070 WSU Tri-Cities partnership with AVID

 AVID, which stands for Advancement Via Individual Determination, is an organization that supports students who you may say are on the margins or on the periphery; not college ready, perhaps, but on the cusp.

The program uses high-engagement strategies to make it easier for teachers to help these students progress, as well as help teach some life skills.

With help from a grant, WSU Tri-Cities has partnered with AVID for a little more than five years now, and Sara Petersen, a clinical assistant professor of special education said it has been very beneficial. We sat down with Sara and talked to her about the program, as well as something called Socratic mentoring.

062 Increasing teachers and leaders of color

Roughly 45 percent of school children in Washington state are designated as people “of color.” But there’s only about 10 percent diversity among teachers and school administrators. This isn’t a new problem. And universities are certainly not just now working on solutions. But thanks to being the first recipient of the George Brain and Gay Selby Faculty Award in Educational Leadership, WSU Vancouver’s Katherine Rodela is working to bridge that diversity gap.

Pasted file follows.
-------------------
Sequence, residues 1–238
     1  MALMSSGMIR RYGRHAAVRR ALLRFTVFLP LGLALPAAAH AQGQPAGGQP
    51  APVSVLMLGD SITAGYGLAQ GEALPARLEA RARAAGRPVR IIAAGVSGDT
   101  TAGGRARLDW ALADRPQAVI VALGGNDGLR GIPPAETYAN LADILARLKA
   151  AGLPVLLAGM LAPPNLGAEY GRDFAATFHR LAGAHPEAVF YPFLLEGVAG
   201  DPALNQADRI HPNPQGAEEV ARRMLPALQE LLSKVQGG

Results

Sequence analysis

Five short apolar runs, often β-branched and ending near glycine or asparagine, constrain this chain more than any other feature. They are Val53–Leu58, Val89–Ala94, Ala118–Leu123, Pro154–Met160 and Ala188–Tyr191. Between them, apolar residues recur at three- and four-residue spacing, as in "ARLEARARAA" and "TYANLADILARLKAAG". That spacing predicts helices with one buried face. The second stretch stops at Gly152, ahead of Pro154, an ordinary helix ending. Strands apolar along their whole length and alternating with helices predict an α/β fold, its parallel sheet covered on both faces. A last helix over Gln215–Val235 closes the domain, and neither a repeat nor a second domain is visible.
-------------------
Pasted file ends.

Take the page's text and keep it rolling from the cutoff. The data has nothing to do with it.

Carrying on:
041 Inga Kromann Book Award 2017

Tariq Akmal, award-winner Stephanie Sparks, and Jane Kelley

Every year, a WSU student wins the Inga Kromann Book Award. We’ve highlighted previous winners on our podcast. The purpose of this award is to recognize the literary talents and efforts of the students. This year’s winner is Stephanie Sparks, with her book A Pencil Named Benson. She tells us more. Education Eclipse starts now.

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